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Mainstream, Vol XLVI, No 25

Heavy Blow to Aam Aadmi


Sunday 8 June 2008, by SC


As if the hefty rise in prices of essential commodities keeping pace with the mounting inflation was not enough, the UPA Government has announced a steep hike in the prices of petrol, diesel and LPG even though the poor man’s lighting and cooking fuel, kerosene, has been left untouched. These constitute the highest-ever increases in the country’s oil industry—the rise in petrol being Rs 5 a litre, in diesel Rs 3 a litre and the LPG Rs 50 a cylinder. The PM, in his unusual address to the nation on the issue, has tried to explain that given the gravity of the situation—the sharp escalation in the global oil prices and the losses being continually incurred by the oil marketing companies—such a hike was “inevitable” while claiming that what the government has imposed was a “moderate” burden on the public. True, if one takes into consideration the Petroleum Ministry’s initial suggestion—a Rs 10 hike on petrol and Rs 5 on diesel—what has been decided is far less; also the under-recoveries were estimated—before this revision of prices—to grow to Rs 245,305 crores, and what has been announced will yield merely an additional Rs 21,153 crores that is nowhere near what was required—hence cuts in excise and customs duties have been proposed (that would lead to the exchequer losing Rs 22,660 crores) and oil bonds worth Rs 94,600 crores are being issued to help compensate the oil companies for selling fuel much below the cost. Yet despite all these arguments the fact remains that whatever price adjustment has been declared will result in a severe blow to the common man already reeling under the huge impact of steadily rising prices that show no signs of any decline.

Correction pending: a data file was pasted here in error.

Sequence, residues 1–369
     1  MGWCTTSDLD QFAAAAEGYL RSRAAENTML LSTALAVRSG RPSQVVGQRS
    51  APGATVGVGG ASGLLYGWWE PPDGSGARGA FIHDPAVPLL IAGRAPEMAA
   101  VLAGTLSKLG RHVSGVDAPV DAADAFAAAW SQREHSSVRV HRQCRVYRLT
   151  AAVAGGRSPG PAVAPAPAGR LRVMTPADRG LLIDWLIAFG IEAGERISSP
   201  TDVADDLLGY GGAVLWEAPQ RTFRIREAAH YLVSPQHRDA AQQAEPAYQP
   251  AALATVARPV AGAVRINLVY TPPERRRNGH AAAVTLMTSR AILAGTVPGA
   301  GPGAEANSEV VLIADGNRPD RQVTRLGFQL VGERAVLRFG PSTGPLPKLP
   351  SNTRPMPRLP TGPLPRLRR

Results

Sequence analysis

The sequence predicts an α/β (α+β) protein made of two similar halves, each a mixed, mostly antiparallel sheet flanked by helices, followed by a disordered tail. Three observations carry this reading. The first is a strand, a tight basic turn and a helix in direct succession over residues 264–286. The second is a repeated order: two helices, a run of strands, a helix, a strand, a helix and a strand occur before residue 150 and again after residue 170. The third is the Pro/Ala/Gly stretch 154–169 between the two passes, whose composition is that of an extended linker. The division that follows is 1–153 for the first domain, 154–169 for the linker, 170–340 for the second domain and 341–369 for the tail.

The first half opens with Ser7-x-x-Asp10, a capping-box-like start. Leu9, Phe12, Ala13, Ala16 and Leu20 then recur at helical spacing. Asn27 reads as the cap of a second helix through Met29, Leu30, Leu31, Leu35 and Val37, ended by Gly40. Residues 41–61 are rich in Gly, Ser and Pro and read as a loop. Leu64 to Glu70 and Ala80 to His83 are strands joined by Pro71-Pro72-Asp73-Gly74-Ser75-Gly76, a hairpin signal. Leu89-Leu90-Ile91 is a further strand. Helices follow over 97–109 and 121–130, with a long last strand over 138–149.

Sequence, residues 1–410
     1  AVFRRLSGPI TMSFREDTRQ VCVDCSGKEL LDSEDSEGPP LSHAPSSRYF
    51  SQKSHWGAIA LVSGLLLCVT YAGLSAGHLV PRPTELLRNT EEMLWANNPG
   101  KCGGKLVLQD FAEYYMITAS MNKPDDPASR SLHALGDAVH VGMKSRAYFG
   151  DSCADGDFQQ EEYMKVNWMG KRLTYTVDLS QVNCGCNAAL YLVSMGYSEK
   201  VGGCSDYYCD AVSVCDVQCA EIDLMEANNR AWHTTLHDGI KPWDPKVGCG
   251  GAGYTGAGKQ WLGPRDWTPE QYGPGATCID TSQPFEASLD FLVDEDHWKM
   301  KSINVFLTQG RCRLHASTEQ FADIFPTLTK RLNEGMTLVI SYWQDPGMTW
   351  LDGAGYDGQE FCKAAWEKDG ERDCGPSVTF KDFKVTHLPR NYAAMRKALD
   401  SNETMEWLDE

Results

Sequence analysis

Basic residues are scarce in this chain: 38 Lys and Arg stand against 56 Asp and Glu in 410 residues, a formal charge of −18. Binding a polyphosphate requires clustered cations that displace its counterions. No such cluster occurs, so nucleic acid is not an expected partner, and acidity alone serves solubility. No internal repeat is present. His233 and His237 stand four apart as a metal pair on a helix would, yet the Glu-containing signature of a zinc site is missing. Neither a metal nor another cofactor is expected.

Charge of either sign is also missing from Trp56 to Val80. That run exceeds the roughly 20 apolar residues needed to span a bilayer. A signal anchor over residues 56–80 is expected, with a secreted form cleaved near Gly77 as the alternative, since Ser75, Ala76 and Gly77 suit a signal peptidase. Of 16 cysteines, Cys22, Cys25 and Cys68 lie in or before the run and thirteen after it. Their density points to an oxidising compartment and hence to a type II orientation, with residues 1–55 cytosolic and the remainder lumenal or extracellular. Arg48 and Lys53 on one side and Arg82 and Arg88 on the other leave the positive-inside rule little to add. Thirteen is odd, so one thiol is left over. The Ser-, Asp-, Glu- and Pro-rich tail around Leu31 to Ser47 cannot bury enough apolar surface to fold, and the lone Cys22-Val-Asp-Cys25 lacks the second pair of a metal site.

As was to have been expected, the Opposition parties have promptly greeted the government’s decision with vociferous protests across the country. The BJP has called it the UPA’s way of unleashing “economic terrorism” that could engender a popular “upheaval”. Rhetoric apart, such a reaction does convey a measure of public anger over the decision. The Left parties have also vigorously opposed the government’s step and dawn-to-dusk strikes have been spontaneously organised in the Left-ruled States of West Bengal and Kerala; the West Bengal Government has slashed sales tax on petrol from 25 to 20 per cent and on diesel from 17 to 12.5 per cent to provide some “relief” to the consumer. The Kerala and Tripura governments are also due to take similar measures to neutralise to some extent the impact of the hike on the public at large. The Central Government too has urged all States to adopt the same path while announcing its own “austerity measures”.

The Left parties, in their statement on the subject, have pointed out that

**In the background of the failure of the government to tackle the rising rate of inflation, this hike in petroleum prices will further aggravate the inflationary situation.

At the same time they have unambiguously expressed their displeasure over the fact that the government had contemptuously dismissed their proposal to impose a windfall profit tax on the oil and gas extracting companies as well as the private oil refineries, before warning:

**The spectacle of these companies reaping huge profits while the common people are burdened with huge price increases will not be lost on the people.

The strength of the Left parties’ criticism in this specific matter cannot be ignored precisely because they are highlighting the plight of the common man, the aam aadmi, while pointing to the fallacy of letting the profiteers continue their ‘business-as-usual’ approach in a period of economic emergency—a fresh testimony to the UPA’s double-standards that have evoked protests from some constituents of the ruling coalition itself.
It does not require an astute analyst to conclude that the political fallout of this move would be disastrous in the election year. And in this setting the UPA’s claim to be the standard-bearer of the aam aadmi’s interests sounds increasingly hollow, to say the least.

June 5 S.C.

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